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The Importance of Lived Experience in Mental Health

alone thoughtful sadness girl is sad at the windowLived experiences are the core of who you are, what you have become, and why. No one truly understands where you are today if they don’t know where you’ve been – and that’s especially true with mental illness. Mental health treatment relies on lived experiences, both as a foundation for behavior and a foundation for moving forward.

In addition, mental health is a holistic thing. It ties into physical health, stress, and quality of life. It’s impossible to treat or improve mental health without being aware of and possibly working to improve other aspects of your life.

Lived experiences in mental health are a complex topic. Their important varies by individual, by age of the experience, and by the experience. Eventually, someone with depression will have lived a different life and will require different treatment than someone with anxiety. Someone with a past of substance use disorder will require different treatment.

Lived experiences are not who you are, but they effect many aspects of who you are – and they are an incredibly important part of your mental health.

Lived Experiences and the Developing Mind

Most people are aware that experiences greatly impact children, but few are aware of just how much. For example, the Adverse Childhood Experiences (Ace) study found that adverse experiences such as parental divorce, trauma, abuse, a death in the family, assault, a major illness, or similar affect development. Children with 1 or more Adverse Childhood Experiences are more likely to experience both physical and mental illnesses. In fact, adults who score high on Adverse Childhood Experiences are more than twice as likely to experience mental and physical illnesses.

These lived experiences shape who we are. In fact, they change the shape of the brain. Children raised in high stress environments have reduced impulse management, higher risk-taking, increased sense of responsibility, increased sense of guilt and shame, and higher anxiety and depression. This relates to how the brain manages hormones to prompt survival behavior – which quickly becomes a hindrance in adults.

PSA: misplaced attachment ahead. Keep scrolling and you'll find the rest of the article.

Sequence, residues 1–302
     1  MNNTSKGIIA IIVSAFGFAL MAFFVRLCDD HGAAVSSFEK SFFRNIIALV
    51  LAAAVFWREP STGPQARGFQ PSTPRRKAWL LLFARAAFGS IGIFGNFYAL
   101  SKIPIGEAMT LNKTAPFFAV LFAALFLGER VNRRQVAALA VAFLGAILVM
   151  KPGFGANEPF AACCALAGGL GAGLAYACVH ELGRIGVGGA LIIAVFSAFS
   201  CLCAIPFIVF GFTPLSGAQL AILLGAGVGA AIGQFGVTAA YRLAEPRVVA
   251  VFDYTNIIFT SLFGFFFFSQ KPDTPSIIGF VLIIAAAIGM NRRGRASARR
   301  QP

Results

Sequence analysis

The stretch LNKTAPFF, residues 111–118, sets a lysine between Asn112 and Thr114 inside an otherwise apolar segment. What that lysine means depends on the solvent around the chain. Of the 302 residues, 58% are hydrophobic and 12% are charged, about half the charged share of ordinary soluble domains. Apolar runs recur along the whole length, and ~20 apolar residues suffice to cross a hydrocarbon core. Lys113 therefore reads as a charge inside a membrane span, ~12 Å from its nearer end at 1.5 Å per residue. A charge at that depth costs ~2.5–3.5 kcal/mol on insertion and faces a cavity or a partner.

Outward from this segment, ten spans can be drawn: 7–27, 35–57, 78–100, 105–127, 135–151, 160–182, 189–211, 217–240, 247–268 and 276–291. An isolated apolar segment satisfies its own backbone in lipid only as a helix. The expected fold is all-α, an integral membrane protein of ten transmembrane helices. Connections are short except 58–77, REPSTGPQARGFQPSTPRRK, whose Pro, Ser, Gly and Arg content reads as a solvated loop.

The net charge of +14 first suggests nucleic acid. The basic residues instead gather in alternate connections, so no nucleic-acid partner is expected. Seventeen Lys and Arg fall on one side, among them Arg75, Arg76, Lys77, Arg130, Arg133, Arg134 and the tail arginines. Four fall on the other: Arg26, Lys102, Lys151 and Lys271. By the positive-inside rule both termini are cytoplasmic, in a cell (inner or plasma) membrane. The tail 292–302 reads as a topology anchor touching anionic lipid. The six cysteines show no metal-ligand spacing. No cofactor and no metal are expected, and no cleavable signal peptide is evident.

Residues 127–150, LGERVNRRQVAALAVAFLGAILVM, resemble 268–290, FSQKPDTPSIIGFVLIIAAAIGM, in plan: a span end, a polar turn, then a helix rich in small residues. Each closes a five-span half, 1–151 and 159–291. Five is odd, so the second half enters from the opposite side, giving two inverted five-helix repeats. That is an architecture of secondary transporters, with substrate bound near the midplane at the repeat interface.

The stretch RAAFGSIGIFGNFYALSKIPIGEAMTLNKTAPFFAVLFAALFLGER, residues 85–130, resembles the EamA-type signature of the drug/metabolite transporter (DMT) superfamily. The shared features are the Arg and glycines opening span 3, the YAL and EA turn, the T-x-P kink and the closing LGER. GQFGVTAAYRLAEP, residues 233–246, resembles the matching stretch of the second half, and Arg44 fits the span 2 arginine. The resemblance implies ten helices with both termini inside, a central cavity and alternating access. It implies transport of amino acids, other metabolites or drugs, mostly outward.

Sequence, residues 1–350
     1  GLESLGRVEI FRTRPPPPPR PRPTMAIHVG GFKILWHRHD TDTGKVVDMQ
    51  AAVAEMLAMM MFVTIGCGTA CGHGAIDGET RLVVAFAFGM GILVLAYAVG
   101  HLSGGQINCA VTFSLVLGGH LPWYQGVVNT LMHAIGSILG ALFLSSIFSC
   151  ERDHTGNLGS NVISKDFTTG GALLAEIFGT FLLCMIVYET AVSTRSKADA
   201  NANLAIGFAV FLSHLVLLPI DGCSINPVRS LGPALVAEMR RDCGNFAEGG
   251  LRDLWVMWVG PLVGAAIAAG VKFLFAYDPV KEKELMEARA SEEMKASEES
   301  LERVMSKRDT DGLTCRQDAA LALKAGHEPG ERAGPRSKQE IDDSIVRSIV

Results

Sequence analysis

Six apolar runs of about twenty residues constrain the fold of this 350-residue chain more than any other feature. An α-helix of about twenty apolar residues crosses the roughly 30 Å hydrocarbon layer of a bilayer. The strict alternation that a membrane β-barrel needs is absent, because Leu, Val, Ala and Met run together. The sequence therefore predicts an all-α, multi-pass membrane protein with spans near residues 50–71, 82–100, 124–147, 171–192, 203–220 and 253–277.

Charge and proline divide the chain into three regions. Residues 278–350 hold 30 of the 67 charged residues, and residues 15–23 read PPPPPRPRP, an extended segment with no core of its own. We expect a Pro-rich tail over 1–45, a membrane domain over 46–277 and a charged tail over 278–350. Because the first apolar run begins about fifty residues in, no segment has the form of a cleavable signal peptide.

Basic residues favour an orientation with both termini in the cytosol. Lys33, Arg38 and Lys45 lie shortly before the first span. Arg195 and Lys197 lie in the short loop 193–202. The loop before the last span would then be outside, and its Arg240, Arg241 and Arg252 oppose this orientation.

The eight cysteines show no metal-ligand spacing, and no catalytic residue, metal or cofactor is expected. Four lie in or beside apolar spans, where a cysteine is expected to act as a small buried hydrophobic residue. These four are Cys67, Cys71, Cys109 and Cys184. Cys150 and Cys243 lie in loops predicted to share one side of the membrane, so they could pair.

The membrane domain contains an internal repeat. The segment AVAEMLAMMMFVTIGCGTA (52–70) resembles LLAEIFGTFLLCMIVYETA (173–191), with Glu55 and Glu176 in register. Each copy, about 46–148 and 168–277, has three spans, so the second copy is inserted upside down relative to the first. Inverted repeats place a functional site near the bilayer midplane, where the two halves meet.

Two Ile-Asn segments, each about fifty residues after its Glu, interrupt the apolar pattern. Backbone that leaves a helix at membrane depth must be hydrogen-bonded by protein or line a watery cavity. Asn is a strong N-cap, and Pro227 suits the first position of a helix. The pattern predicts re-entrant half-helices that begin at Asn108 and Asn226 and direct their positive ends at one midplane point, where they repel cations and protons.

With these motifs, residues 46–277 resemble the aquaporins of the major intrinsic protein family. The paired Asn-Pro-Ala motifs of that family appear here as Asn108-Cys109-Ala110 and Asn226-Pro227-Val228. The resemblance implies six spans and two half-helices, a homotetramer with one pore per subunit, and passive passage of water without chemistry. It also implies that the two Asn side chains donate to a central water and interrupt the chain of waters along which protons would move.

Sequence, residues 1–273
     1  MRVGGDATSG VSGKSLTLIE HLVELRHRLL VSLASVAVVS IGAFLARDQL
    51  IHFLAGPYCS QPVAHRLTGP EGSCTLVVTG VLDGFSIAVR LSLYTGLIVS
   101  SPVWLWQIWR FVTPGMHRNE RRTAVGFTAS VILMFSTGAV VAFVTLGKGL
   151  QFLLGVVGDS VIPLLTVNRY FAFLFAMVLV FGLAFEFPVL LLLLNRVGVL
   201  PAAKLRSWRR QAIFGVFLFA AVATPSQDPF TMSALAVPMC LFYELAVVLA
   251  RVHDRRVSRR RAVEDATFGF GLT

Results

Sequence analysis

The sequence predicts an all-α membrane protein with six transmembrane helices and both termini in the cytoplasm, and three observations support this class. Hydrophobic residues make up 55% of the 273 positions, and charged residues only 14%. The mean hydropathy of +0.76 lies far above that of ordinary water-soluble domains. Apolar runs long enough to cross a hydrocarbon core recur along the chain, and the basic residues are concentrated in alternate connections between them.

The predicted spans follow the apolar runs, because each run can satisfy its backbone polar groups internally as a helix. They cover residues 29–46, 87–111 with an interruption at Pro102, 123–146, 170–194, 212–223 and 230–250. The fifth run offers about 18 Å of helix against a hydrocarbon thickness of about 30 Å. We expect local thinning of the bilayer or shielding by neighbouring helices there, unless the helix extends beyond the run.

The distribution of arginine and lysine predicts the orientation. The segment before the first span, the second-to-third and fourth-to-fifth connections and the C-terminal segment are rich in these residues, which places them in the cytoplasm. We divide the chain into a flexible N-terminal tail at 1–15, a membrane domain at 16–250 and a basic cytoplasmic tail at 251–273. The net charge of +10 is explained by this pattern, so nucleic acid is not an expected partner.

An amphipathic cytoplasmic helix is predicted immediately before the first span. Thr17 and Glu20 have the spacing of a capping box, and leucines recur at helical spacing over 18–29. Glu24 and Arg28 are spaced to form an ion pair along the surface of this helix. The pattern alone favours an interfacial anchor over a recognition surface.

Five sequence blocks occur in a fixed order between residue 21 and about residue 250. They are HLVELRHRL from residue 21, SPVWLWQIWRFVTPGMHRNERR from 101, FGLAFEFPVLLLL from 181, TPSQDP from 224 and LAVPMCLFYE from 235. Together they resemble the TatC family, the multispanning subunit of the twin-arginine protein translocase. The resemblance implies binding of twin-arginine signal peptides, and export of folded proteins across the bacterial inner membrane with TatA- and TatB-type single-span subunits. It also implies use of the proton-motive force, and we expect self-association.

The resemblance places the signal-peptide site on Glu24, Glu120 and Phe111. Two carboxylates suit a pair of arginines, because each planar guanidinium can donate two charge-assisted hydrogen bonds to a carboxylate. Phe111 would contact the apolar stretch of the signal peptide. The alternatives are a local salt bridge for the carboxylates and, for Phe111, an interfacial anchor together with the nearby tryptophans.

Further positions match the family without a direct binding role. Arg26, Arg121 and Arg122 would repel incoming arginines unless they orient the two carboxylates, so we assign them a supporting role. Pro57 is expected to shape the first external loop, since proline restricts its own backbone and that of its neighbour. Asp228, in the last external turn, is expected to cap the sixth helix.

Sharing Around or Without a Diagnosis

Many of us learn to share about mental health around a diagnosis. If you don’t have a diagnosis or you have problems not covered by that diagnosis, you might feel as though you are making things up. You might also feel as though you don’t have a right to talk about it or shouldn’t bring it up in a clinical or support setting. The focus on lived experiences, and valuing those experiences, shifts you away from that mindset. It’s important to share about what you feel, how you are experiencing life, and how your emotions and mental health are impacting your life. Whether or not you have a diagnosis should not impact how and what you share or how your treatment provider listens.

For example, in one study, patients asked to share based on lived experience were better able to communicate what they actually felt and to seek support from their peers. This resulted in higher quality care, better communication, and better relationships between staff and patients.

Sharing lived experiences allows you to:

  • Reflect on experiences and gain insight from them, with the help of a mental health professional